The Bajarang Bali factor is expected to have a significant impact on the voting behavior and preferences of various communities and regions in Karnataka. According to some surveys and reports, Bajarang Bali enjoys a high level of popularity and devotion among several castes and sub-castes such as Lingayats, Kurubas, Valmikis, Banjaras, Madigas, and others. These communities are also considered to be swing voters who can tilt the balance in favor of any party.

Corruption, Cost inflation, Unemployment, and local factors

However, the Bajarang Bali factor may not be enough to ensure a decisive victory for any party, as there are other factors that may also influence the voters’ choices. These include local issues, candidates’ profiles, anti-incumbency sentiments, the performance of state and central governments, leadership qualities, corruption charges, and media campaigns.

The upcoming assembly elections in Karnataka in 2023 will be a crucial test for the ruling Bharatiya Janata Party (BJP) and the opposition parties, mainly the Indian National Congress (INC) and the Janata Dal (Secular) (JD(S)). The state has witnessed several political developments in the past few years, such as the fall of the JD(S)-INC coalition government in 2019, the defection of several MLAs to the BJP, the change of leadership in the BJP from B.S. Yediyurappa to Basavaraj Bommai, and the recent cabinet reshuffle. These events have shaped the political landscape of Karnataka and have implications for the electoral outcomes.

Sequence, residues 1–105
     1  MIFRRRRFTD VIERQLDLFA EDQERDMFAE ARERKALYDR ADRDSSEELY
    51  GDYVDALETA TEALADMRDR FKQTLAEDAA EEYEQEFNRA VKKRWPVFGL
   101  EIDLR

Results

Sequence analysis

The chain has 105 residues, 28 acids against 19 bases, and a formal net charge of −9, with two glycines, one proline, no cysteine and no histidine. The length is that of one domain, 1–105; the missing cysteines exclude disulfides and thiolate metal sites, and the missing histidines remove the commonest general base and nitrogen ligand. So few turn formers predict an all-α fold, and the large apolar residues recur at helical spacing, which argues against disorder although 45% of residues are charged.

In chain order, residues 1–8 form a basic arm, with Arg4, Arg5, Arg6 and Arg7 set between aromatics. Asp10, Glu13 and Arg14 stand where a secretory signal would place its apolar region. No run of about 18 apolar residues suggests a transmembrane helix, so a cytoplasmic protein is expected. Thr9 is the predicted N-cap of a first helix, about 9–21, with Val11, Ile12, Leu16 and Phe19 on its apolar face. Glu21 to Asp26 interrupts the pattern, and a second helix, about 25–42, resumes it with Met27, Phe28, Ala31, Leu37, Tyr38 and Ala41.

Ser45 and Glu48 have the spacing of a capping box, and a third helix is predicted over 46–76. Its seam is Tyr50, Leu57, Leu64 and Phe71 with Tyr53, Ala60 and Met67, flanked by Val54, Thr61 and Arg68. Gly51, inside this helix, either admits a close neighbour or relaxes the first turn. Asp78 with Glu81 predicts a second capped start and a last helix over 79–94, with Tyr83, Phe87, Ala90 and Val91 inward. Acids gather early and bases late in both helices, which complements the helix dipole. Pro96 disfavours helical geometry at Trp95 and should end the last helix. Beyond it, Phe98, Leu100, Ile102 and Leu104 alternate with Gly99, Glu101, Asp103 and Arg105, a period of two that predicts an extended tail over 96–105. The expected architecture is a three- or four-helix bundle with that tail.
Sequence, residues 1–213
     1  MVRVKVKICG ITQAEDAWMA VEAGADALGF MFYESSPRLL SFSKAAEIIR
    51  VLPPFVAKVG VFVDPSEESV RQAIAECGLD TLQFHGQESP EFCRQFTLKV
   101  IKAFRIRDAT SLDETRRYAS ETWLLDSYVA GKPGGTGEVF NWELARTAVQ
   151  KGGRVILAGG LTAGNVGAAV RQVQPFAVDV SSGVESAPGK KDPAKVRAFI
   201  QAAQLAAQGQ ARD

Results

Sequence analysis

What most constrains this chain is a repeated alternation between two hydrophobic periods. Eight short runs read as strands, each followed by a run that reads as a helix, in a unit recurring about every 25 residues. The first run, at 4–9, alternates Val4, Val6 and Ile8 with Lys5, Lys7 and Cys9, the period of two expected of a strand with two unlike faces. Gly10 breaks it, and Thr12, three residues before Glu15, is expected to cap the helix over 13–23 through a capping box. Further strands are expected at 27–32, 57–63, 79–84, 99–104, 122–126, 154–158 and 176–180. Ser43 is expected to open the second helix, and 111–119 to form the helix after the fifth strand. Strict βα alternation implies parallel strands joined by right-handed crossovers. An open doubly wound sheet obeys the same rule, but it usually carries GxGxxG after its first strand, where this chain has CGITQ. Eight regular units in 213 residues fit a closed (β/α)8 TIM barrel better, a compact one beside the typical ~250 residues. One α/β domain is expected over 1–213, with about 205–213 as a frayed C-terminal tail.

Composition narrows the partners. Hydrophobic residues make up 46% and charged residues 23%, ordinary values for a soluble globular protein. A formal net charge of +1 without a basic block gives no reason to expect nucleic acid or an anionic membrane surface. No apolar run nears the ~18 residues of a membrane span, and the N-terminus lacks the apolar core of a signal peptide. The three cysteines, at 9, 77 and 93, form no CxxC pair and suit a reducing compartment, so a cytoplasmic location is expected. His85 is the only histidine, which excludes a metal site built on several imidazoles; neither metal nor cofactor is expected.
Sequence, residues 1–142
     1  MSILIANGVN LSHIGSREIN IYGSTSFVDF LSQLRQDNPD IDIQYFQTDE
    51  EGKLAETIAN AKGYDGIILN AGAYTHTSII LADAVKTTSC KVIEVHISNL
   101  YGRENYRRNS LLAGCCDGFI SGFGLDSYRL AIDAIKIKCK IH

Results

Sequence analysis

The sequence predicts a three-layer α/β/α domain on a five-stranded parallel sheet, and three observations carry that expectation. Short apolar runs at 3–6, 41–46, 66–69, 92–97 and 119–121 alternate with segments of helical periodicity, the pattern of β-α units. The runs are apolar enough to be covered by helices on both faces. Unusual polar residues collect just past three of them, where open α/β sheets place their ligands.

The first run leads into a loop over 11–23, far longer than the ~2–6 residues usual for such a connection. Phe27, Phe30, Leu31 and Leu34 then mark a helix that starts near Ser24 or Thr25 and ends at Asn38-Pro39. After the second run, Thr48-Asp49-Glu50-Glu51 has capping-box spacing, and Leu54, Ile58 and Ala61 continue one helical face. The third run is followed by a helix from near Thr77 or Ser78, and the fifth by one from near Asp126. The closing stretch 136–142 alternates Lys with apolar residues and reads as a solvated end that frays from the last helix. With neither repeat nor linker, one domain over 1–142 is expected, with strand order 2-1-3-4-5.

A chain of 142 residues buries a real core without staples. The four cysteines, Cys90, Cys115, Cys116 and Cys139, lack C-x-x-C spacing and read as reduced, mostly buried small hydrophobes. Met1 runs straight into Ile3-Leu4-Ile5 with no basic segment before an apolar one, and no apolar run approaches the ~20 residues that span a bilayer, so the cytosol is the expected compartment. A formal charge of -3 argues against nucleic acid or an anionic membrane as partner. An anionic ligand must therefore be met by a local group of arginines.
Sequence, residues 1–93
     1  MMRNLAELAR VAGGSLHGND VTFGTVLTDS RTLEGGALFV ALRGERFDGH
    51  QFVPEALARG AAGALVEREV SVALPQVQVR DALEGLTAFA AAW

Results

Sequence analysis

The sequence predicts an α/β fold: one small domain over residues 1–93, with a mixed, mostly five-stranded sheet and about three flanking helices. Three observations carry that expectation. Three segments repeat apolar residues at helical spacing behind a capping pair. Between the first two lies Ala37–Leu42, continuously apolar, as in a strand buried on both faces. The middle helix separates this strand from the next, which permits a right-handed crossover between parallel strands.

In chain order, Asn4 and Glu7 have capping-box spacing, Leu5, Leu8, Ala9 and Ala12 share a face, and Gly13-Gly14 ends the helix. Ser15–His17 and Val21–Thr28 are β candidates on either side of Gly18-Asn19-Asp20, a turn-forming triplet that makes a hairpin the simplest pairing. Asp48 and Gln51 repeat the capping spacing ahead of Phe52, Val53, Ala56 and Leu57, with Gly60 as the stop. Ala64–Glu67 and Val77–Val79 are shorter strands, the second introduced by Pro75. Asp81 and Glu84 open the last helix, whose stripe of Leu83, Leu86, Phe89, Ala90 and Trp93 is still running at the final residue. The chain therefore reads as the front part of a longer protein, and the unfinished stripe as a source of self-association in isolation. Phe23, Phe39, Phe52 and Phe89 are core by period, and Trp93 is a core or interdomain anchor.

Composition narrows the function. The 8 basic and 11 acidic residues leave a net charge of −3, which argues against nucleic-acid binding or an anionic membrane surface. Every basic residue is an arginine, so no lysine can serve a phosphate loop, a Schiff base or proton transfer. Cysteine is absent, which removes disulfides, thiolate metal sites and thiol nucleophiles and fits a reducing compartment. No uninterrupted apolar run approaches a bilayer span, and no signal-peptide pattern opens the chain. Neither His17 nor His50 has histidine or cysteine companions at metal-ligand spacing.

Corruption Issue:

One of the major issues that will influence the voters’ choice is corruption. Karnataka has been ranked as one of the most corrupt states in India by various surveys and reports. The BJP came to power in 2019 with the promise of providing a clean and transparent administration but has faced several allegations of corruption and nepotism since then. The opposition parties have accused the BJP of indulging in horse trading, misusing central agencies, favoring certain communities and regions, and ignoring the interests of the farmers and the poor. The BJP, on the other hand, has claimed that it has taken several steps to curb corruption, such as implementing the Lokayukta Act, launching anti-corruption drives, and initiating disciplinary action against erring officials and leaders.